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Animal Care and Use Policies and Guidelines

Use of Ether for Animal Anesthesia at Johns Hopkins University
(Revised by the JHU Joint Heath Safety and Environment/Animal Care and Use Committee 02/22/06)

Gaseous anesthetics are often used to anesthetize rodents for experimental procedures.  Such agents are classified as rapid-onset, short-acting (halothane and isoflurane) or slow onset, long-acting (ether, methoxyflurane).   Such agents can be administered by using anesthetic machines with calibrated vaporizers, or by exposure in a closed container by the "open-drop" method.  The open-drop method while easiest to use, can often lead to over anesthetization and possibly death when the short-acting agents are used.  Conversely, ether and methoxyflurane are relatively safer agents to use by open drop because they volatilize poorly, and it takes a longer time for animals to become anesthetized, greatly increasing the margin of safety.

Diethyl ether (ether) is a flammable liquid with a characteristic “sweet” odor. Methoxy-flurane (Metofane) was the agent of choice over ether because of the flammability of ether, however, Metofane is no longer available for purchase.  When Metofane was removed from the market, ether was re-approved for use in laboratory animal procedures at Johns Hopkins, subject to approval on a case-by-case basis during protocol review by the JHU Animal Care and Use Committee (ACUC)

If ether has been approved for your use in anesthesia by the ACUC, the following procedures must be followed in order to protect yourself and others who work in the same area in which ether is being used.  Because the air odor threshold concentration for ether (8 ppm) is extremely low, it is not uncommon for other personnel working in the area in which ether is being used to become concerned regarding potential hazard.  The requirements for use of ether described below are designed to permit effective anesthesia at concentrations that are below its lower explosive limit and well below the Occupational Safety and Health Administration’s (OSHA’s) permissible exposure limits for people. [1]  Adherence to these procedures also should lessen ether odor in the vicinity of its use and thus the potential for concern by others in the same facility.

What is the proper manner of storing ether?
The explosive potential of ether increases with period of storage.  For example, after 12 months, there is potential for formation of explosive peroxide crystals in unopened ether containers.

  1. Order ether in the smallest volume needed.
  2. Date the container when received, and again when opened.
  3. Ether and any device used to contain it should be stored in a vented National Fire Protection Association (NFPA) flammable-material cabinet.
  4. Send opened containers of ether for disposal 6 months after first opening.
  5. Send unopened ether containers for disposal 12 months after receipt.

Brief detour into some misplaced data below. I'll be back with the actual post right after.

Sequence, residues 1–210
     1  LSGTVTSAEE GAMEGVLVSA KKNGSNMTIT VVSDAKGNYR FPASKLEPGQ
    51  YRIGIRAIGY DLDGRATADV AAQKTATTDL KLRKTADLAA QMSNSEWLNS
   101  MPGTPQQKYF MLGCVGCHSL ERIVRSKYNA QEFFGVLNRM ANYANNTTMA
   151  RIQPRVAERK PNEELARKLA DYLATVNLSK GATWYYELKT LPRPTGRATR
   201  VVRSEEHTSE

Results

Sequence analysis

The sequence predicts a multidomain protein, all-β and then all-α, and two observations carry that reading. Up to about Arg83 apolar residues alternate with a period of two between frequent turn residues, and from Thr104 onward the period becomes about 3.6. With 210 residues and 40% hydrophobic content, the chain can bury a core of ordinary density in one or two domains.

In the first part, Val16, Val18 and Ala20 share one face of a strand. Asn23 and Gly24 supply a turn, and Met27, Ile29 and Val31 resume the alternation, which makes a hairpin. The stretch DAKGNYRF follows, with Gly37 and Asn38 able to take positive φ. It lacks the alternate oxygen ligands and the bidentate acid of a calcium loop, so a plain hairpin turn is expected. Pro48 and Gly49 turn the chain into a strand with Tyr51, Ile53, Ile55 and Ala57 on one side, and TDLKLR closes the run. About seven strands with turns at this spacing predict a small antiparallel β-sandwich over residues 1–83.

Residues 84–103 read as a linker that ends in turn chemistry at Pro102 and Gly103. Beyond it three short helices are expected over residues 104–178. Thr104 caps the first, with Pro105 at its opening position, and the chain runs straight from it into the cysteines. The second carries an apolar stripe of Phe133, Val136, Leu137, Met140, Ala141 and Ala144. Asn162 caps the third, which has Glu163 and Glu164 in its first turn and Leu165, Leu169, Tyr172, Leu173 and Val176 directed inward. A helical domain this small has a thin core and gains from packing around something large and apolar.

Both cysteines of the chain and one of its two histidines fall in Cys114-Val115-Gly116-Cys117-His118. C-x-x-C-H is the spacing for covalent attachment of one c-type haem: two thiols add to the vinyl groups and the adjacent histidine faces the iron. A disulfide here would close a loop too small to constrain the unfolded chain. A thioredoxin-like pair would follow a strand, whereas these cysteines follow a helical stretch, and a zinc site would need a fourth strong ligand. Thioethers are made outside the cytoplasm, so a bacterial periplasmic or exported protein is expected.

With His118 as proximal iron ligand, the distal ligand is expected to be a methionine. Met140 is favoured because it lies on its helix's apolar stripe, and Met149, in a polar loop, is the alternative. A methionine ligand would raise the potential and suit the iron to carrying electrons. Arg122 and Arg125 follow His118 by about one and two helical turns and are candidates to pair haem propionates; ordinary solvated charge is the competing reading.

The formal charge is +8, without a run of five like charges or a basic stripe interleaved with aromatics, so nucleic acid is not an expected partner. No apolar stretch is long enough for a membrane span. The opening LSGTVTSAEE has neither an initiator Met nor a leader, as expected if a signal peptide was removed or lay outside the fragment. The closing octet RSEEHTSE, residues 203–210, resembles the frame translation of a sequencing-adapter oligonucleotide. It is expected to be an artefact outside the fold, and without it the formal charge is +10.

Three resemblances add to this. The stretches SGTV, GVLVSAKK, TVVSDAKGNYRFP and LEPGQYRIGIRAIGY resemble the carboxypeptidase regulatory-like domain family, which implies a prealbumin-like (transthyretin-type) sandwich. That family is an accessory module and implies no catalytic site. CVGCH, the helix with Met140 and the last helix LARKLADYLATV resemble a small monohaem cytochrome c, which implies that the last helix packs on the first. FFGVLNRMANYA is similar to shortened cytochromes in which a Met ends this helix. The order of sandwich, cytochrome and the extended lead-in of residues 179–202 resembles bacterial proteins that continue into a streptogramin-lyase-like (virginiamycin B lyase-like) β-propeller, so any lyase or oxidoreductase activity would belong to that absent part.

6. Contact the Office of Health Safety and Environment at 410-955-5918 to find out the proper location for disposal and for answers to other questions about safe use of ether.

Where may ether be used?

  1. Whenever possible, the use of ether anesthesia should be restricted to a properly functioning, explosion-proof, chemical fume hood.
  2. Ether may be used in a biosafety cabinet that is connected to the building exhaust system, but may not be used in a biosafety cabinet that is vented into the room.  If you don’t know the venting of a particular biosafety cabinet, do not use ether there.
  3. The use of ether in a biosafety cabinet should be conducted well within the confines of the cabinet, and as far back on the work surface as possible.
  4. You may check with the JHU Biosafety Officer (410-955-5918) if you are unsure of the nature of a particular type of hood or cabinet.

How much ether may be used at a time?

  1.  All manipulations involving volumes of ether greater than 5 ml must be performed in a properly functioning, explosion-proof, chemical fume hood.
  2. The total cumulative volume of ether used in a biosafety cabinet may not exceed 5 ml, regardless of the duration of the procedure.
  3. Do not bring more than 10 ml of ether to any JHU central animal facility area for use in that location regardless of the type of fume hood or biosafety cabinet you will be using.

How should ether be used for anesthesia?

  1. The effective concentration of ether to produce anesthesia is 1.9%.  This concentration can be produced with 0.08 ml (80 microliters) per liter of volume of a container.
  2. Animals may be exposed to ether presented on a cotton ball or gauze pad inside a conical tube or small chamber, but there should not be direct contact of the animal with the cotton or gauze.
  3. Induction takes 5 to 10 minutes.  There are mouse strain differences in sensitivity to ether:  C3H>BALB/c>DBA/2>ICR>C57B16.  Ether is a satisfactory anesthetic in gerbils but it is unsafe in guinea pigs.
  4. See “Use of Experimental Animals at the Johns Hopkins University” (, and/or consult a JHU veterinarian (410-955-3273) for more information about anesthetizing animals with ether.

What is the proper way to dispose of materials used to deliver ether?

  1. Allow the ether to evaporate completely from the material while still in the hood or biosafety cabinet prior to disposal.
  2. Dispose of the material in a red bag.


1. OSHA limits are:  400 ppm as an 8-hour, time-weighted average concentration, which is 1200 mg/cubic meter.  The American Conference of Industrial Hygienists recommends </= 500 ppm for 15 min.  Threshold for mild nasal irritation (but no injury) is 200 ppm.

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